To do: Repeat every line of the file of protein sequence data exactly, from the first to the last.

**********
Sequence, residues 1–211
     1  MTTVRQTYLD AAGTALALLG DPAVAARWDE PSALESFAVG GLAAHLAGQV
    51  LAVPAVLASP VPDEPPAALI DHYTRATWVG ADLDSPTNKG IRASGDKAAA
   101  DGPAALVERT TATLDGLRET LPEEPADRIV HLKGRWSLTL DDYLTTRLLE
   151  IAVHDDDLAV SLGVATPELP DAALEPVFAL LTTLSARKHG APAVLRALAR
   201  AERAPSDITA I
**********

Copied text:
Sequence, residues 1–211
     1  MTTVRQTYLD AAGTALALLG DPAVAARWDE PSALESFAVG GLAAHLAGQV
    51  LAVPAVLASP VPDEPPAALI DHYTRATWVG ADLDSPTNKG IRASGDKAAA
   101  DGPAALVERT TATLDGLRET LPEEPADRIV HLKGRWSLTL DDYLTTRLLE
   151  IAVHDDDLAV SLGVATPELP DAALEPVFAL LTTLSARKHG APAVLRALAR
   201  AERAPSDITA I